More than 171 million Americans plan to celebrate Halloween this year, and will have spent about $8.4 billion for costumes, parties, and candy in October, according to the National Retail Federation Survey.
Halloween spending, at about $83 per person, is at its highest since the retail trade association first began separately tracking the holiday in 2005. Overall Halloween spending of $8.4 billion this year will be up 65 percent from the $4.9 billion in 2007.
The presidential election years have always seen a spike in Halloween costume spending. This year’s candidate masks of Hillary Clinton and Donald Trump are the nation’s top sellers.
Unlike more traditional Thanksgiving and Christmas holidays, Halloween is less rooted and more flexible. The National Retail Federation research team’s annual survey conducted by Prosper Insights found there armajor shifts in consumer behavior.
For example, Halloween is no longer just for the children, or families with children. Millennial consumers (ages 18-34) are the most likely adult demographic to participate in Halloween, and the top spenders. With adults expected to spend an average of $31.03 on their costumes, millennials are expected to spend an average of $42.39. More importantly for retailers, the percentage of millennials planning to attend Halloween parties has jumped by 10.9 percent over the last decade.
Because social media makes sure that millennial partygoers can no longer show up without a costume, millennials will generally look to the Internet for costume designs, with 28.4 percent turning to Pinterest and 23.3 percent turning to YouTube for inspiration. Pinterest will have experienced twice the female traffic, and 50 percent more men will turn to YouTube than normal.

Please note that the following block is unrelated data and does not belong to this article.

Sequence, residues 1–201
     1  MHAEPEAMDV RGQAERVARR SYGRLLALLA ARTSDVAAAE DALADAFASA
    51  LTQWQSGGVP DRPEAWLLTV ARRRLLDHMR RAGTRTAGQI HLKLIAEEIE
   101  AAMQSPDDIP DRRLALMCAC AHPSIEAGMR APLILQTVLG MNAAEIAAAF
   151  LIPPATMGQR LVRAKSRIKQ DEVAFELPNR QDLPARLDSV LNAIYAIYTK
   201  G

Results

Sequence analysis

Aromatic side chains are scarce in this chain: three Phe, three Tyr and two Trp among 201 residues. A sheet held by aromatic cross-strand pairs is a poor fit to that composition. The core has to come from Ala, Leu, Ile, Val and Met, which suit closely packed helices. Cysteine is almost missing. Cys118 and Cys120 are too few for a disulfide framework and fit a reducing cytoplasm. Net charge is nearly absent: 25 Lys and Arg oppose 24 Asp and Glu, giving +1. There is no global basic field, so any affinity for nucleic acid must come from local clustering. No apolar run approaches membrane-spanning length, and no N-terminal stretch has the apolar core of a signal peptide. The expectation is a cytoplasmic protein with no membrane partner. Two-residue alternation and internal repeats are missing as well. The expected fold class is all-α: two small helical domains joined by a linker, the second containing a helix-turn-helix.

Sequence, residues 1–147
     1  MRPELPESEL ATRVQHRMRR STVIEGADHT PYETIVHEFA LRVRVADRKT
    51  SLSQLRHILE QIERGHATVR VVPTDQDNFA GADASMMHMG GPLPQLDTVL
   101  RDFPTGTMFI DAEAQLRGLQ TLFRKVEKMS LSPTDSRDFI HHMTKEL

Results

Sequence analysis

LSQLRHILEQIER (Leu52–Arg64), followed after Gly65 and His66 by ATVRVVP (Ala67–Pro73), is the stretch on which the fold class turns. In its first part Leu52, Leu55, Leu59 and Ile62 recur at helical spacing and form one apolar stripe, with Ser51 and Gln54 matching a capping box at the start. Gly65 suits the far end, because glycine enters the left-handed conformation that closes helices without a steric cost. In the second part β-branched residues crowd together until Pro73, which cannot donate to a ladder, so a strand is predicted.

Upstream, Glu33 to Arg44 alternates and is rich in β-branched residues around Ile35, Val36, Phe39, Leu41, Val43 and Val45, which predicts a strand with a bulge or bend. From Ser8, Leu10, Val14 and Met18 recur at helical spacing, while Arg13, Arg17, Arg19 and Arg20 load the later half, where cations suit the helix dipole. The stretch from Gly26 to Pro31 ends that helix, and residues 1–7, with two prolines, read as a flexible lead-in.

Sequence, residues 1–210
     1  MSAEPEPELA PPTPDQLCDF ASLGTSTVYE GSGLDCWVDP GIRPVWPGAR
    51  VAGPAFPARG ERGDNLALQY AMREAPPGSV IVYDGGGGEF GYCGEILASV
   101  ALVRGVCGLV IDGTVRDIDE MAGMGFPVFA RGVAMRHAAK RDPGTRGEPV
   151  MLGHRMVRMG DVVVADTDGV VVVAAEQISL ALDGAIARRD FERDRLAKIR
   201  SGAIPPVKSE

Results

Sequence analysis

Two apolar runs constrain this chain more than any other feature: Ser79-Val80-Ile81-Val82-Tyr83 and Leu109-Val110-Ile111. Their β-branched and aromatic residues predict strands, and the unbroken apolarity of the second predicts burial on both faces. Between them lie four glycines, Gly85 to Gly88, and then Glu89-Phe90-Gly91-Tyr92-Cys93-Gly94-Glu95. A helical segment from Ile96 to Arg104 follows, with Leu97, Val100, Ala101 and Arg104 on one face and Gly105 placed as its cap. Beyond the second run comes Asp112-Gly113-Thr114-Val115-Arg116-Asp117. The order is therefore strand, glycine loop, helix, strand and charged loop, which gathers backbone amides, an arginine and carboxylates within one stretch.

The retail survey also found that there is no hiding a bad costume in the era of Facebook, Instagram and Snapchat. But “a clever costume makes for a buzzworthy addition to digital timelines.”
The number of families planning to go door-to-door trick-or-treating will drop to 29.7 percent, the second-lowest percent over the last 11 years. But community events such as parking lot “Trunk-or-Treating” and Halloween festivals are popping up as alternatives across the country. The survey found rising concerns among parents over food ingredients like sugar, gluten and nuts, and a general fear of taking candy from strangers.
About 47 percent of retail stores planned to dress up this year, marking an all-time high. Many shopping malls are hosting costume fashion shows or contests in order to connect with customers. Both the 45.5 percent of people who plan to carve a pumpkin, and the 20.9 percent of people who plan to visit haunted houses, are at a record high.
The survey found that children’s costume spending is expected to reach an all-time high of $1.17 billion, and that 16 percent of consumers are planning to dress up their pets.
But with changing millennial parent attitudes causing a shift toward gender-neutral children’s costumes, the survey found a number of pet owners wondering if their dog and cat costumes are sexist.